I've always had a thing for the Atlanta Symphony Orchestra's recordings. Their long standing relationship with Telarc is probably why. I've had a long standing relationship with Telarc too. Well before I was a reviewer, I was just a rabid stereophile (the avocation, not the magazine) and I read every issue of Stereophile (the magazine, not the avocation), cover to cover. Telarc and Delos recordings were always spinning on their reviewers' CD players. I bought a few, like <a href= "http://www.amazon.com/Respighi-Pines-Rome-Birds-Fountains/dp/B000003CT0/... target="new">Respighi's Pines of Rome </a>, Louis Lane conducting the Atlanta Symphony Orchestra, and <a href=" http://www.amazon.com/Copland-Appalachian-Spring-Fanfare-Common/dp/B0000... target="new">Aaron Copland's Appalachian Spring, Rodeo and Fanfare for the Common Man</a>, with Lane at the helm of the ASO once again. The recordings were excellent, No excellent is too tame a word. They were – they still are – exquisite. Expansive as the universe, as civilized as infinity, and punctuated with their trademark Tympani kicks that separated the boys from the men when it came to seeing whose audiophile tweaked system was better than whose.
The real prize in my two-channel system, at least the prize du jour, is the resurrection of the Stax SRX headphones and SRD-7 headphone amplifier. Well, it’s not really an amplifier, just a transformer. You wire it to the output of your real amplifier with these pretty cheesy (at least by audiophile standards) wires that are hard-soldered inside the unit. Then you screw down your beefier audiophile speaker cable (or in my case, the equally cheesy Radio Shack 16 gauge) to the terminals provided on the back of the SRD-7 and use a switch on the front panel to choose between headphones or speakers.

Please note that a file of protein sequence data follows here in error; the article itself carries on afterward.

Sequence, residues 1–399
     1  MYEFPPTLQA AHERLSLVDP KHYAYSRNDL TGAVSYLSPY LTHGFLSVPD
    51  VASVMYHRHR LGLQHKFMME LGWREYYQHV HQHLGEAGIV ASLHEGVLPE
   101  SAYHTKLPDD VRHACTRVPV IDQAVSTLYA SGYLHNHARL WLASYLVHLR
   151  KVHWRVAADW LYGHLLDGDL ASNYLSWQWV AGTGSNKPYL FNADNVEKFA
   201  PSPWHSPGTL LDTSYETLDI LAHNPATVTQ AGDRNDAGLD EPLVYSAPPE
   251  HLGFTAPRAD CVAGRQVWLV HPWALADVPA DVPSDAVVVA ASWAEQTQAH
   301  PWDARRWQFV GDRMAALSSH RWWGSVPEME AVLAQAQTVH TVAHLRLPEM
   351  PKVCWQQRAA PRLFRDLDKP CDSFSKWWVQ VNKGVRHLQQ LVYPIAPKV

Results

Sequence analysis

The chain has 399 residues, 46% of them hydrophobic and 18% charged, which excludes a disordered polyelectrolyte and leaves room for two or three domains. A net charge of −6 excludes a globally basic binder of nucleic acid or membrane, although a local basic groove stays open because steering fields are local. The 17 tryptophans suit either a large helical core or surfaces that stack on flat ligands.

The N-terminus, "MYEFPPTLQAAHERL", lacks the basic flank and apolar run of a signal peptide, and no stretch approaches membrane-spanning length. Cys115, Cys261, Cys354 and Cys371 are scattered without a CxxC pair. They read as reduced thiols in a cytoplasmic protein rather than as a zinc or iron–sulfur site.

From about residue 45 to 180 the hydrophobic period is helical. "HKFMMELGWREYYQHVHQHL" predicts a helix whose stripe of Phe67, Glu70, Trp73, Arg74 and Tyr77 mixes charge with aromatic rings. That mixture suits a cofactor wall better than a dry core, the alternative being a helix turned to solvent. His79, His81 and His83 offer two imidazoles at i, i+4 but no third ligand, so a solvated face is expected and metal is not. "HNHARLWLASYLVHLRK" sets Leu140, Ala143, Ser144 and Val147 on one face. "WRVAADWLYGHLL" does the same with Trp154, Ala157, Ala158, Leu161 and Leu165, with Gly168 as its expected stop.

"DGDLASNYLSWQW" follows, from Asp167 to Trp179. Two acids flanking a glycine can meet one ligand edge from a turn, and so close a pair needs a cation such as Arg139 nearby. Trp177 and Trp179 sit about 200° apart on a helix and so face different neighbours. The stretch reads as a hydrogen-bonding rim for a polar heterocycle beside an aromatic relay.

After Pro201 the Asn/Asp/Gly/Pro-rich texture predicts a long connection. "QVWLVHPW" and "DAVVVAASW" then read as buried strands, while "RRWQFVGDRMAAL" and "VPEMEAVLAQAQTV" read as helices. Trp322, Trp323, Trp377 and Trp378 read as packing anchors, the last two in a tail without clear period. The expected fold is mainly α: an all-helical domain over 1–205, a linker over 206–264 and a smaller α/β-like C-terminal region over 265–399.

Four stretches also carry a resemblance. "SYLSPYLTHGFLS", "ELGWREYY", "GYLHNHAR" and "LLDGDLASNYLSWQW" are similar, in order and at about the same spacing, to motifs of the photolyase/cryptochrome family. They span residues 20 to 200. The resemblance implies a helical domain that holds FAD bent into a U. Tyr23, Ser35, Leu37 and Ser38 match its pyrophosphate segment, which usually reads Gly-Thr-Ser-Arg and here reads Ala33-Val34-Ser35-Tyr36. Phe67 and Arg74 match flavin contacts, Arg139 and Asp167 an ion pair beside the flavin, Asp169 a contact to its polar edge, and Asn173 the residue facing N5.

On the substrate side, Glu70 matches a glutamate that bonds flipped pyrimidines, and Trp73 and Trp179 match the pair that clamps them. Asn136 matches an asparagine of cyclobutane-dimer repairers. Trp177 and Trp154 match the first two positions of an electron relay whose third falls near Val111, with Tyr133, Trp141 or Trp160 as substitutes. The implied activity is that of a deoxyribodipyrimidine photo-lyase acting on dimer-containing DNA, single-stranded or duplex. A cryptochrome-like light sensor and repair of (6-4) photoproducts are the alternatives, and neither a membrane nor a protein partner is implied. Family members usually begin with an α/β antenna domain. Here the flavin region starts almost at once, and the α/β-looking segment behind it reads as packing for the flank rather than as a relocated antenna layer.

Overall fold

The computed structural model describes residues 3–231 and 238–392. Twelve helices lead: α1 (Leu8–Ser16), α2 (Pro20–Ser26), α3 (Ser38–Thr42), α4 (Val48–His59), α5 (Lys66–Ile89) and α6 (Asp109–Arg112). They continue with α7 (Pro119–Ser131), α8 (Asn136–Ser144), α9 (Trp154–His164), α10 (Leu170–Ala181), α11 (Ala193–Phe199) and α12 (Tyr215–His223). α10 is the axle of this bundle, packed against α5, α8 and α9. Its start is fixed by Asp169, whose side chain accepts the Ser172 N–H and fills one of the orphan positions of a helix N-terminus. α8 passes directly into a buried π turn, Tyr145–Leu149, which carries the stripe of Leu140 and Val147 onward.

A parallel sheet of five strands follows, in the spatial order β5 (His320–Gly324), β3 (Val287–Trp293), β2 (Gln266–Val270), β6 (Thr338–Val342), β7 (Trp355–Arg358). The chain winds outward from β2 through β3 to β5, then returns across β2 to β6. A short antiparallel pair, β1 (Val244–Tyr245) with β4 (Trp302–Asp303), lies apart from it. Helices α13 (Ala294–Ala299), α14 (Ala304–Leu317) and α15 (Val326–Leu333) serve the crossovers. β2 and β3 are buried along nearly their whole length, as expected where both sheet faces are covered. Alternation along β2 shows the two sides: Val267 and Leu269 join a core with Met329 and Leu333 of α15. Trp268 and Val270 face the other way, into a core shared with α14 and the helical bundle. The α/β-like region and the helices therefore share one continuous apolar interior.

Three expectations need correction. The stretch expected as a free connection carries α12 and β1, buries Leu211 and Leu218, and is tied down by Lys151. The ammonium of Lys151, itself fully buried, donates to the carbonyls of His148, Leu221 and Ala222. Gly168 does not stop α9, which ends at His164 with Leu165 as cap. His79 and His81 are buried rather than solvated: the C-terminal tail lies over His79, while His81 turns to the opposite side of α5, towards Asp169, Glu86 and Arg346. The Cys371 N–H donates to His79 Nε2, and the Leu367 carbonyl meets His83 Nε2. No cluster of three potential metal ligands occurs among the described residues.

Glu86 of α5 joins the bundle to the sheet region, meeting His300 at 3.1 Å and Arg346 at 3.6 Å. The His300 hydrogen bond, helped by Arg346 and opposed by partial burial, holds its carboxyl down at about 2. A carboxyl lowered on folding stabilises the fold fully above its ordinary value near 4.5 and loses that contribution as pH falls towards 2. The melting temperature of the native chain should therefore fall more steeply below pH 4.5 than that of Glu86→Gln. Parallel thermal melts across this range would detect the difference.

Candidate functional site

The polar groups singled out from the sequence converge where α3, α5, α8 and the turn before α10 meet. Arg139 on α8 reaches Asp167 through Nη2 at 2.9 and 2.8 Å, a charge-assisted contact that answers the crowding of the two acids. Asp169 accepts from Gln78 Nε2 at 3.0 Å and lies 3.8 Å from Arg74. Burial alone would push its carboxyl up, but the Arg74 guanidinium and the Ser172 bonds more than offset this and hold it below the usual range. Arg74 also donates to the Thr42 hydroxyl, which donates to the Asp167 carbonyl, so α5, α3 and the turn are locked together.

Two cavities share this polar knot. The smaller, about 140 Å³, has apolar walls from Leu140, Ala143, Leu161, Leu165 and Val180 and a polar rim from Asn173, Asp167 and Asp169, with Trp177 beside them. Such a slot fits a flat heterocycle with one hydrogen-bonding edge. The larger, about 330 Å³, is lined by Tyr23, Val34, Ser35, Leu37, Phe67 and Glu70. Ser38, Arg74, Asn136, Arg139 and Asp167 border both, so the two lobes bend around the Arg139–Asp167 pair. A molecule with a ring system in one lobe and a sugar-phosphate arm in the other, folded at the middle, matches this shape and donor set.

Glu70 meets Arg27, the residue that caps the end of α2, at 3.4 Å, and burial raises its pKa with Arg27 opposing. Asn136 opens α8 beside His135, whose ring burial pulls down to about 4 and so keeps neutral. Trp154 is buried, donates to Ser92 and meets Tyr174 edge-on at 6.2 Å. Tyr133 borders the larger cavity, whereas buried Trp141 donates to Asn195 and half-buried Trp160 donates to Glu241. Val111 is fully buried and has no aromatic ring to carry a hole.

KEF has a solution for people who don't want a lot of speakers in their room, their new FiveTwo Series. The two models in the series, the floor standing model 11 and stand mounted model 7, split the center channel signal between a driver in each of the speakers (that 3rd one from the top in the picture.) The sides of both models feature flat side mounted driver arrays that shoot the sound out to the sides and, presumably, around the room enough to fill in for what isn't in the back. A special connector is provided with the appropriate leads for your receiver or amp so a consumer doesn't have to worry about dragging three speaker cables to each speaker to make this all work.
I've been reviewing speakers for a long time. I'm not saying my ears are any better than yours, but they're trained. Give me that much credit. I can wax rhapsodic paragraphs ad nauseam on why the latest multi-thousand dollar speaker can bring you closer to your music and movies. If you can afford them, great! But if you can't, it's not the end of the line. A more than decent system can be built around five mid-priced speakers, like the Polk LSi-9 ($500/ea), plus a good sub. But <i>really</i> inexpensive speakers? Well, that's always been a big challenge – until now that is.
Onkyo's HT-S990THX is a whole Home Theater in a Box. Actually, it's a Home Theater in a Really Big Box. For $1,099 you get a 7.1 110 watt per channel receiver, three LCR two-way speakers (with two woofers and a single tweeter) for the front channel, and four smaller two-way speakers for the surrounds and a 10" powered sub as well. There's no HDMI inputs, but there <i>is</i> a THX logo on the front panel that speaks volumes about the quality you should expect. Absolutely amazing at this price. I heard a rumor that Home Theater magazine has one in for review (hint: check your newsstands or better yet, subscribe!)
The good news is, owners of the Theta Casablanca can finally get HDMI switching capability (4-in / 1-out). The price? $4,000 <i>provided</i> you're at Casablanca 3 level. To get there from my original Casablanca would add between $3K-$4k to that price. How bad do you want it?
I was actually sad, sad for a consumer electronic company, when I saw what I saw over at the convention center late Saturday afternoon. Toshiba has always been an outstanding company, from the days of making some of the better rear projection (CRT) TVs, to their headlong dive into HD DVD, a format that offered a lot, most importantly, the potential for a single SKU with their Combo format.